Most people don’t know much about the Mid-American Conference, except that it plays in the shadow of the Big Ten and that it stages an upset of a Big Ten almost every year. Other than that, the MAC is most often seen as a conference filled with directional schools (Eastern, Central, Northern, Western), none of which ever seem to rise to a national level that would make fans and sportswriters take notice.
In all fairness, the MAC does pump out a lot of NFL talent, most of them players that flew under the major college radar and developed solidly on MAC rosters. Ben Roethlisberger, Antonio Brown and Greg Jennings are just a few examples of former MAC standouts now playing on Sundays. And this year, there are a number of NFL hopefuls that will play in MAC stadiums, players like Western Michigan WR Corey Davis, Toledo RB Kareem Hunt and Bowling Green LB Austin Valdez.
Still, the level of play in the MAC from Saturday to Saturday is well below most conferences in the nation. Our preseason ranking of the average MAC team is right around 80, though we do have Western Michigan in the initial Top 25, and Northern Illinois also has the potential to break into the polls by season’s end. Pay most attention to the WMU Broncos, because their talent is coming together at the perfect time to make a run at a major bowl game if they can avoid the typical letdown that former MAC frontrunners have suffered.
- Ohio (10-3). While the MAC East is decidedly behind the West in terms of overall team quality, the Bobcats are one of the better teams in the conference and could stage an upset should they reach the MAC title game. In spite of not having a host of notable players, Ohio has a wealth of experience and a fair amount of talent. Senior Greg Windham is the likely starter at QB, though the Bobcats are very deep there. RB A.J. Ouelette has all-conference potential, and the line – especially the right side – looks very strong. The defense should be the strength of the team and will be anchored by DE Tarell Basham and LB Quentin Poling. The biggest concern will be the secondary, where two sophomores will likely start.
- Bowling Green (7-5). Many are picking the Falcons to win the East, and that could happen. However, Bowling Green returns only nine starters, and only four on offense – and all of them are offensive linemen. Granted, their line might be the best in the conference, but they will have to grow up the entire skill set of their offense. QB James Knapke looked good on the 20 passes he threw last year, and WR Ronnie Moore was a solid third receiver. The Falcons will still probably score a lot of points, but they will need to, as six defensive starters will be freshmen or sophomores. Senior LBs Trenton Greene and James Sanford will be bright spots on that side of the ball. Winning on Oct. 8 at Ohio will be vital if they want to win the division.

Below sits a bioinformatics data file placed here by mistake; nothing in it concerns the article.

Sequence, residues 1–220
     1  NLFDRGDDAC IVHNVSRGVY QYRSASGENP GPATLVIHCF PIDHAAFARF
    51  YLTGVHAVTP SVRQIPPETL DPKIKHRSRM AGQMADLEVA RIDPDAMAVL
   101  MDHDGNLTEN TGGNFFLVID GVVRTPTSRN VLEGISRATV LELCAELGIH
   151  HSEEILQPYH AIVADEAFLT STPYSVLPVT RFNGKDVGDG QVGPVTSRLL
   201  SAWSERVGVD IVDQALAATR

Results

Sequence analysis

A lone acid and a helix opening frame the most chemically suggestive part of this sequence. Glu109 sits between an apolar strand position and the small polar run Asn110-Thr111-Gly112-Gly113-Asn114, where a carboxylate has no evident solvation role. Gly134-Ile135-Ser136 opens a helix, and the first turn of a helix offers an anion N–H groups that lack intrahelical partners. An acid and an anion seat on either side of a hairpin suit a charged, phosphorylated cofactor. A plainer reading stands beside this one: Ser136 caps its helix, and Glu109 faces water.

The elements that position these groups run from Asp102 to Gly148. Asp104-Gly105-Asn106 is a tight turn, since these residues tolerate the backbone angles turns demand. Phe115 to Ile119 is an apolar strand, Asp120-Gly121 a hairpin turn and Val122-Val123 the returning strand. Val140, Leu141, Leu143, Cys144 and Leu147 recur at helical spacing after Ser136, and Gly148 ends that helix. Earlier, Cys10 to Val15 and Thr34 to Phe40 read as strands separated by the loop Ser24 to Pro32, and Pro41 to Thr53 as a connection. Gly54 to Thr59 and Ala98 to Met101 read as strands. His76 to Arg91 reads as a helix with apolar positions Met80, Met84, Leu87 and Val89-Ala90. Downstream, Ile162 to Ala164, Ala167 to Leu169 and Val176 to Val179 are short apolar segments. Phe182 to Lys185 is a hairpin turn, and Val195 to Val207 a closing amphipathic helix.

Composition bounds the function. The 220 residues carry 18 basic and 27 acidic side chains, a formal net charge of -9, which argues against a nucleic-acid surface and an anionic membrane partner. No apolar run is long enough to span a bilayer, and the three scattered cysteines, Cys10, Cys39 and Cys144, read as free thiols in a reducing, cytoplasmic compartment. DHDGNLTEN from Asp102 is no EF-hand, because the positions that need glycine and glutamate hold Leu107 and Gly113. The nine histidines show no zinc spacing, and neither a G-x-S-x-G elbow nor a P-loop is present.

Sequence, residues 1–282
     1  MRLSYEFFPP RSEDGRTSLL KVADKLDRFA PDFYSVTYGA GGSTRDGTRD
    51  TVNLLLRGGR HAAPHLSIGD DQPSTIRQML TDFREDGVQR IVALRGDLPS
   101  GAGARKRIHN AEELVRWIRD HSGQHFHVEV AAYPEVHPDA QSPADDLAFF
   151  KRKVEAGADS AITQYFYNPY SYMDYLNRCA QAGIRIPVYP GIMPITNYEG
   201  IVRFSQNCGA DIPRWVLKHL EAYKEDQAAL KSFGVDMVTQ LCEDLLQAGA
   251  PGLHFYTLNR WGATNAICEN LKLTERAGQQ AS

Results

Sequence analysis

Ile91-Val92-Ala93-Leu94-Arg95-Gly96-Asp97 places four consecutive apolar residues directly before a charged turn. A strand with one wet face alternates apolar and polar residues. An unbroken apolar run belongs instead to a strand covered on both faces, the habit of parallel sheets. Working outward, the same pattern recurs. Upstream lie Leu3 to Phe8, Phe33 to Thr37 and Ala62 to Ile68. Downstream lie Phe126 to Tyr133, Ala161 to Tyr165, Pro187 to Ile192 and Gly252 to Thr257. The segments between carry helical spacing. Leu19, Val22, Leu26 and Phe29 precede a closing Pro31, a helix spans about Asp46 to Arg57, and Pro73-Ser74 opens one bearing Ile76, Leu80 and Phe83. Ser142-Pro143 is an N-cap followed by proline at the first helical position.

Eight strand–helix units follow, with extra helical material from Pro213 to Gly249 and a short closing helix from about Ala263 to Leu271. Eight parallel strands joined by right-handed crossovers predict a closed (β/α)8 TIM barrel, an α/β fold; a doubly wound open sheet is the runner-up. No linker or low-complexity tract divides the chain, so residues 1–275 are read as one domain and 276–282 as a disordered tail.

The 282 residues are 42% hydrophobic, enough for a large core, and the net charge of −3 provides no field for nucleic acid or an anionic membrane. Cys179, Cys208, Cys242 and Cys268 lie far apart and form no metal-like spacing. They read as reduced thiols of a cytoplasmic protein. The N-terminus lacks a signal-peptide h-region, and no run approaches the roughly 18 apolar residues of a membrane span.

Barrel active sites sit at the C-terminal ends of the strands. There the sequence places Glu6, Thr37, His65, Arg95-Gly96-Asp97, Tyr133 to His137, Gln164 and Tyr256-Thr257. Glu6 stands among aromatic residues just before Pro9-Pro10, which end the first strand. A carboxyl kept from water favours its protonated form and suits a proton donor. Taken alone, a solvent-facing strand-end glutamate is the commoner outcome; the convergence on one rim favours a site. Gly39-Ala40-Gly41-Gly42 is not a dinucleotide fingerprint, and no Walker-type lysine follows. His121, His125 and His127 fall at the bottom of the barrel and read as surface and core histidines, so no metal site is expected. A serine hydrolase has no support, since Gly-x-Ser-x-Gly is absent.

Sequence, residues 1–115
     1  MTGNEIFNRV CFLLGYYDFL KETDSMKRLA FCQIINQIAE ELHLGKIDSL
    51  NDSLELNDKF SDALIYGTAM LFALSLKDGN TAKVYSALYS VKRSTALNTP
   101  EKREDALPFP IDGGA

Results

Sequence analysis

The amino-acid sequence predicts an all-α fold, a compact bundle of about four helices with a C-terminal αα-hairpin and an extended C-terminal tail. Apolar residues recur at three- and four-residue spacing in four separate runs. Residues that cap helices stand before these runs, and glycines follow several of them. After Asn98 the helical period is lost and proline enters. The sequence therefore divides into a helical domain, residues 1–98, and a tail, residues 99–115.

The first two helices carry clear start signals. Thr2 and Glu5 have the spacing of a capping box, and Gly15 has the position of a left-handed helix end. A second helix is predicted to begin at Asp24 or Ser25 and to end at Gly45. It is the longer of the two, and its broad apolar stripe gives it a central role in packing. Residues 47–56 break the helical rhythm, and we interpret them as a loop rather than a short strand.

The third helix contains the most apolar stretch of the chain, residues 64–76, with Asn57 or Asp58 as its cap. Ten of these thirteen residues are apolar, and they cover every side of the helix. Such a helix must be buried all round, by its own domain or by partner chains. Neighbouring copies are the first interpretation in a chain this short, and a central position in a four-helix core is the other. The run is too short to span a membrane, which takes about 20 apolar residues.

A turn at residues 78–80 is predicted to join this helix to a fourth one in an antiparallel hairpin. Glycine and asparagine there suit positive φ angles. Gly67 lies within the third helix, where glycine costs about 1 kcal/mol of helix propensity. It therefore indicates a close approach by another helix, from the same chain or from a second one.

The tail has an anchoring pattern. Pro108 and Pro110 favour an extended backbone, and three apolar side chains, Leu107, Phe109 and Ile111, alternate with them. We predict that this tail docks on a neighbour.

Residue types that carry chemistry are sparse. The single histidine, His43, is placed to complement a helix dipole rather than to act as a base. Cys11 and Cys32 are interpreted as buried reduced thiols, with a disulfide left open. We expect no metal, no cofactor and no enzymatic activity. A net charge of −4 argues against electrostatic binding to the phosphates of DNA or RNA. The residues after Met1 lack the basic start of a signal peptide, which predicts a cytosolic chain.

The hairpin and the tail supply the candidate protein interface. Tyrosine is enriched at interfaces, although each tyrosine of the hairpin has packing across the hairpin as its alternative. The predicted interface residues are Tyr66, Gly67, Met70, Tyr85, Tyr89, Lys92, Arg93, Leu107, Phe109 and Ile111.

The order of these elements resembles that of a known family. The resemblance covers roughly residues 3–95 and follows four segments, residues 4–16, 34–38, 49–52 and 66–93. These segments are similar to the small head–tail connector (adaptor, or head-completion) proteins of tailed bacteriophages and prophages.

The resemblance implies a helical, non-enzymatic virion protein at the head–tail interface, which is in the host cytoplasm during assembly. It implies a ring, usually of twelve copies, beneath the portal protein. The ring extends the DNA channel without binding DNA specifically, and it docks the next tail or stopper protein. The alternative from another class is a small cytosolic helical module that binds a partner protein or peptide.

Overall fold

- Akron (6-6). Last season, Terry Bowden guided the Zips to an eight-win season that included their first-ever bowl victory. This year, however, might involve a small step backward in the building process, as only seven starters return – three on offense and four on defense. QB Thomas Woodson is a solid duel-threat passer, but must improve his accuracy. Scoring points, however, will be difficult because the entire line must be rebuilt. Akron’s best hope for another bowl bid is its defense, which ranked third in the nation against the pass last year. DE Jamal Marcus is one of the MAC’s best and will need to get lead the line in getting pressure. If the Zips develop ahead of schedule, the season-ender at Ohio could be interesting.
- Miami (Ohio) (3-9). A youth movement is underway in Miami, where about 80 percent of the team is comprised of freshmen and sophomores. An amazing 25 of 44 players in the two-deep are underclassmen. That might spell great things in the future for the Redhawks, but in 2016, it will likely mean another painful rebuilding year. Last year, Miami scored less than 18 points per game and failed to break 14 points six times. The team’s offensive hopes are on the back of QB Billy Bahl. (Side note: That’s a fabulous football name. But he may be running for his life behind a line that is patchy, at best. Defensively, Miami is led by one of the best players in the MAC in DE J.T. Jones, who amassed 10 sacks last season, and DT Ikeem Allen, who added another 4.5 sacks. With a dearth of leadership and a much tougher schedule, the Redhawks will be fortunate to match last season’s total of three wins.
- Buffalo (3-9). The Bulls have posted only two winning seasons in this millennium. They won’t get a chance to get their third this year. Coach Lance Leipold enjoyed nothing but success at Wisconsin-Whitewater, where he won six Division III national titles in eight years. He has his hands full at Buffalo, which is stripped of talent on offense, especially in the passing game, and not much better on defense. The lone bright spot on offense is RB Jordan Johnson, who has the potential to top 1,000 yards. Defensively, LB Brandon Berry and CB Boise Ross are the standouts on a squad that will struggle to keep opponents below 30 points.